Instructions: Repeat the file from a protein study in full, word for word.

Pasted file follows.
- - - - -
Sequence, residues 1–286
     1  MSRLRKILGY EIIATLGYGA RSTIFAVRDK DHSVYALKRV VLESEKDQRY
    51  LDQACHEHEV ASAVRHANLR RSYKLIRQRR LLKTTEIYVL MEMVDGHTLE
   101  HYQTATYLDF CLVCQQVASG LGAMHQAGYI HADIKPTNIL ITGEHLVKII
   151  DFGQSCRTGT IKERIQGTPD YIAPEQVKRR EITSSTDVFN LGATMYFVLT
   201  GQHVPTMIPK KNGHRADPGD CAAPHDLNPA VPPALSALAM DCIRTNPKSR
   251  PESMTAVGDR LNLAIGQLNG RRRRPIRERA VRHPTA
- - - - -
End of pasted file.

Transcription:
Sequence, residues 1–286
     1  MSRLRKILGY EIIATLGYGA RSTIFAVRDK DHSVYALKRV VLESEKDQRY
    51  LDQACHEHEV ASAVRHANLR RSYKLIRQRR LLKTTEIYVL MEMVDGHTLE
   101  HYQTATYLDF CLVCQQVASG LGAMHQAGYI HADIKPTNIL ITGEHLVKII
   151  DFGQSCRTGT IKERIQGTPD YIAPEQVKRR EITSSTDVFN LGATMYFVLT
   201  GQHVPTMIPK KNGHRADPGD CAAPHDLNPA VPPALSALAM DCIRTNPKSR
   251  PESMTAVGDR LNLAIGQLNG RRRRPIRERA VRHPTA